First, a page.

Live & Work

April 6 2018

Steve Rosenberg and InFocus Film School


Steve Rosenberg; Executive Director and Founder of InFocus Film School

Steve Rosenberg is an award winning writer/director based in Vancouver. He founded Pull Focus Film School in 2009 in Gastown, which later became InFocus Film School. His dramatic shorts, Corona Station, Watching Mrs. Pomerantz, Vannica and Divine Waters have screened at various prestigious festivals around the world. In 2000, Watching Mrs.Pomerantz earned him numerous international awards, including the award for Best Director at The Toronto Worldwide Short Film Festival. His films have played on The Sundance Channel, CBC, WTV and Bravo. In 2006, Steve directed his first documentary A Mature Laugh that went on to travel the festival circuit. He also hosted and produced Blink, a weekly TV talk show devoted to obscure films that come and go in a blink. In addition to writing and directing, Steve freelances as a videographer/editor with many of his entertainment story segments being broadcast on ShawTV in Vancouver. Currently, Steve has a documentary project in development.


We met with Steve at his school on Abbott street, a three leveled hive of creativity where his students from around the world busy themselves with cameras and computers, moving energetically throughout the century old building, once a hotel, to birth things of great wonder and innovation.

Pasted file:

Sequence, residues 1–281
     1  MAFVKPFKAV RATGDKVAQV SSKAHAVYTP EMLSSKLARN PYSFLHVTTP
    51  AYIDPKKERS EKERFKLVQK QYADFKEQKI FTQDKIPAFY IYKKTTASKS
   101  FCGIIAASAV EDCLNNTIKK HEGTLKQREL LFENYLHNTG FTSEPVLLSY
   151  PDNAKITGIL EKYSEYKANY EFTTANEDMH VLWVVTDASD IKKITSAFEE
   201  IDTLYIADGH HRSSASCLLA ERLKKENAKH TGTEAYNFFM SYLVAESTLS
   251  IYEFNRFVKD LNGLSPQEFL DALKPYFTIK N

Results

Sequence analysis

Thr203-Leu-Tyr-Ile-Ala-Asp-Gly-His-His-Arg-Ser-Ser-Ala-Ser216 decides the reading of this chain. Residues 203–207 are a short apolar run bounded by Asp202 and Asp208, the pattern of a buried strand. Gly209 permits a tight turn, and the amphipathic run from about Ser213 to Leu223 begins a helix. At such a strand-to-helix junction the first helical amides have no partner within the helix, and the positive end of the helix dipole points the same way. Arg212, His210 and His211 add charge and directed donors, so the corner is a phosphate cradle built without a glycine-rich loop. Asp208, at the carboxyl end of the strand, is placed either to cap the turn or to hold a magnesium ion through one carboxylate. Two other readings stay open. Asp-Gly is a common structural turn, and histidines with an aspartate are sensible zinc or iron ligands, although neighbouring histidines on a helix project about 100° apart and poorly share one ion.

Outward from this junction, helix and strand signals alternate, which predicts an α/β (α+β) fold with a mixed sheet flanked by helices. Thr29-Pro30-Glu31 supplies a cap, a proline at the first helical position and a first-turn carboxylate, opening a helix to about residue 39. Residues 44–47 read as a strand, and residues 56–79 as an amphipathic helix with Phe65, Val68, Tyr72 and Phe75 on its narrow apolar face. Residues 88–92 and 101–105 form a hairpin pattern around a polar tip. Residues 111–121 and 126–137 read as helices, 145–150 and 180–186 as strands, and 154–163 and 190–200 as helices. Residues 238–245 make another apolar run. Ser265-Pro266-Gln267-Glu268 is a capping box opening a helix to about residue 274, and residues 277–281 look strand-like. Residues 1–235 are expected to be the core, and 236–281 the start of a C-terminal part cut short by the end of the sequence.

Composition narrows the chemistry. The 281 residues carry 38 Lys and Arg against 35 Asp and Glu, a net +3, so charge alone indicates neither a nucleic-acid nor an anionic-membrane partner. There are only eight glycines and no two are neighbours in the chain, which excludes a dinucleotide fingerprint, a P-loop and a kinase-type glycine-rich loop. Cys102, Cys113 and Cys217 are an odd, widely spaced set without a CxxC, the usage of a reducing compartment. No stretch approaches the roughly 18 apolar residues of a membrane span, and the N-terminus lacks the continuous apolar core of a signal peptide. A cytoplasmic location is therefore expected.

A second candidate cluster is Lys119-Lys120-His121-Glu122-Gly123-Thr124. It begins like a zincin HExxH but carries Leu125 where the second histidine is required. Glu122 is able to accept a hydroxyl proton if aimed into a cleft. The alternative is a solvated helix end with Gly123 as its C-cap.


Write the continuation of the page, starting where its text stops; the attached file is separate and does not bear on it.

What do you do and how did you get here?

I am the director at InFocus Film School in Gastown and we started here back in 2009. We offer industry professional programs in film production, 3D + Visual Effects, compositing for VFX, writing for film & TV, and a Summer Film Boot Camp. The school was born in many ways from a trip I made to India in 2008. I was going there to shoot a documentary on child labour titled: “Made with Small Hands”. Upon arriving in Bangalore, I discovered this guy who was akin to a sort of male Mother Teresa named John Devaraj. He took in children that were exiles and runaways from the local factories and gave them a home. Within his sanctuary, he ran The Born Free Arts School in Bangalore, where the children, including those who had been begging in train stations, were given free education and an environment in which to learn and grow. The film took an unexpected turn as I began to focus my camera on John and his students. The film I had intended to make became darkened by the duplicitous nature that I observed in John. I admired his vision and altruistic work yet I discovered that he was a huge narcissist. He paid for the school, and took in additional revenue, by having the children work as performers from town to town. Despite not knowing the language, I ended up becoming the film teacher. I was captivated by the place. India is like a rich tapestry of a thousand different colours flowing in a smoky wind. Everywhere you put your camera there is something fully alive that can captured in a photo or on film. Once, I remember photographing a girl with golden high heels scampering across a volleyball court in the dusk of hot summer evening.